The results of the Leading in Crisis diagnostic survey showed that leaders delivered admirably on the care criterion, but did not deliver on the growth…
The Accountability Thief
The assumption that people know what is expected of them, or that expectations between parties is both clear and aligned, is a common problem…
Financial Times Article: You Don’t Have To Sell Change To People Who Designed It
At a time when business outcomes can no longer be predicted or guaranteed, when forecasting has become more difficult and uncertainty endemic, it is essential that organisations stay attuned to early warning signals and cultivate the capacity to accelerate…

For more information regarding the above, please
E-mail info@legitimateleadership.com

Question of the Month
By Josh Hayman, associate, Legitimate Leadership.
Question: Why does Legitimate Leadership regard courage at work as so important?
Answer: If a person (like a leader) is in a relationship to give, the conventional view is that giving is about generosity. But in the Legitimate Leadership Model the often less-talked-about way of giving is about courage.
We find that courage is by far the rarer form of giving, which is partly why Legitimate Leadership emphasizes it.
Of the two (generosity and courage), courage is also the harder to get right. This is because being generous involves rising above a loss of things – the price we pay for being generous is generally not high.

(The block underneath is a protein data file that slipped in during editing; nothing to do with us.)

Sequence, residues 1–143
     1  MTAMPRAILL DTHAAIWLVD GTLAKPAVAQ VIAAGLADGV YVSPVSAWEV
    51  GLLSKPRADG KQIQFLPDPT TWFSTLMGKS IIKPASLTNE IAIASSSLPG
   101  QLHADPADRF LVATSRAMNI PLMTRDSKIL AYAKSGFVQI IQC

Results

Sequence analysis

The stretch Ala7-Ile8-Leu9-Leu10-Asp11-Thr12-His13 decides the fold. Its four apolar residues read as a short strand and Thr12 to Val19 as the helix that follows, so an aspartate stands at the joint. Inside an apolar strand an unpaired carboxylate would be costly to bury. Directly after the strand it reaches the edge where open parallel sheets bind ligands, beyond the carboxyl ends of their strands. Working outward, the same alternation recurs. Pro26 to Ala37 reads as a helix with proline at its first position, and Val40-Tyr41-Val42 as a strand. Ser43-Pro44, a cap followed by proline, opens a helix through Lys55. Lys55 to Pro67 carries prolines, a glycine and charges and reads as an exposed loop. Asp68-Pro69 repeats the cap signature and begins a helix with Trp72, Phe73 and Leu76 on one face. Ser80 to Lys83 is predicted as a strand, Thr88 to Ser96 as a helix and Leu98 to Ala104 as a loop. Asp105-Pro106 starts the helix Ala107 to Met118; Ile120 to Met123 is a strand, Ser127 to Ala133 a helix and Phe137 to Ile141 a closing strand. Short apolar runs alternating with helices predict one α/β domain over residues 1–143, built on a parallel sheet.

Being courageous involves much more risk as there is usually an issue at play which presents the possibility of real and serious consequences. What the person stands to lose makes acting courageously difficult, and for some, impossible.
Courage is critical in the workplace because the absence of it leads people to give in to their fears, rather than rising above them.
In leadership, acting with courage means much more than disciplining your people. Caring about your people may require courage in making yourself vulnerable. Providing the means for your people may require courage to challenge policies and standards, or your manager or your colleagues. Cultivating ability may require the courage to coach others to the point where you are replaceable. Praising and rewarding people may require the courage to spend money on doing so when it is unpopular to do so. Being prepared to single out exceptional performers for reward instead of just rewarding the “herd” will require courage.
The good news is that courage is not a matter of ability or skill, it is a matter of the will, and exercising it gets easier with practice.
To submit your question, e-mail info@legitimateleadership.com

WEBINAR REPORT: HOW 16 LEGITIMATE LEADERSHIP CLIENTS PERFORMED DURING THE CRISIS
In a survey of the performance of leaders in 16 Legitimate Leadership client companies and organisations during the first months of the coronavirus crisis, the results showed that their leaders were more successful in demonstrating care and compassion than they were in using the crisis to empower and bring out the best in their people.
Legitimate Leadership says there are two criteria for legitimate power: care and growth.